Forensics Lab inspired by Sherlock Holmes

Edmond Locard, known as the French Sherlock Holmes, established the world’s first forensic laboratory in Lyon. In 2005, a collection of over 20,000 photographic plates was discovered in a garage in Lyon, France. However, authorities at the time did not have the resources to reconstruct the photos. It wasn’t until 2017 when funding from a local historian helped preserve and digitize more than two-thirds of the collection, revealing the groundbreaking investigative laboratory created by Locard in 1910.

Crime investigation techniques have evolved over the years, with modern investigators often going to the scene to piece together clues. However, a century ago, police did not have the same methods. Locard began his career in forensics through handwriting analysis, a technique considered advanced at the time. His mentor, Alphonse Bertillon, invented a method of identifying people based on body measurements, but faced scrutiny after giving false testimony in a famous police scandal. This event inspired Locard to build a laboratory where various types of evidence could be scientifically analyzed.

The collection of photographic plates from Locard’s laboratory was initially stored in a garage before being moved to archives in Lyon where they continued to deteriorate due to lack of resources. In 2017, historian Nicolas Delestre provided financial support for the restoration of the photographs, which were ultimately digitized and completed in 2018. The images showcase Locard’s team at work, using innovative techniques to identify individuals, such as through classification of body tattoos.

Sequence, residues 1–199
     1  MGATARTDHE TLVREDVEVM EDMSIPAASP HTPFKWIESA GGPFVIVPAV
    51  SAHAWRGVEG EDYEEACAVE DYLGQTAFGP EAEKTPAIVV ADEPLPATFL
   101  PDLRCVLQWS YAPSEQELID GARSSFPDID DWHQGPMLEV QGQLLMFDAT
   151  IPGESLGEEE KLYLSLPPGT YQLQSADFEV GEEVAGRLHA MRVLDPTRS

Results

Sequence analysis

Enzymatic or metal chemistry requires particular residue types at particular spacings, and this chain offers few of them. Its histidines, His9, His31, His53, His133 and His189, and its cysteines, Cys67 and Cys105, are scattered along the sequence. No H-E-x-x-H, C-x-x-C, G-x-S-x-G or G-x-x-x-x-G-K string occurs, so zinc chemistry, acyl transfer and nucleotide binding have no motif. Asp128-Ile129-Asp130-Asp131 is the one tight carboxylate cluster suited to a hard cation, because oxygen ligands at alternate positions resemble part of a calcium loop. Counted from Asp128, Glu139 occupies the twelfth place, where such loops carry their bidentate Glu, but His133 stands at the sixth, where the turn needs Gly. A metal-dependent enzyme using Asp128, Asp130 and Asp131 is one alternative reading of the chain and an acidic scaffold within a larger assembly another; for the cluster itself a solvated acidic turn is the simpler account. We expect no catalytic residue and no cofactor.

Locard drew inspiration from pioneers in cinematography and the creator of Sherlock Holmes, Arthur Conan Doyle. Throughout his life, he refined his forensic techniques, moving away from methods like handwriting analysis that he found to be unreliable. These groundbreaking research findings from over a century ago continue to inspire forensic experts today. The detailed description of Locard’s forensic lab photos was published in the journal Nature.

By Samantha Robertson

As a seasoned content writer at newsderf.com, my passion for storytelling and creativity shines through in every article I craft. With a keen eye for detail and a knack for research, I thrive on translating complex topics into engaging reads that resonate with our diverse audience. My goal is to inform, entertain, and inspire readers through thought-provoking content that leaves a lasting impact. Join me on this exciting journey as we explore the world of news together.

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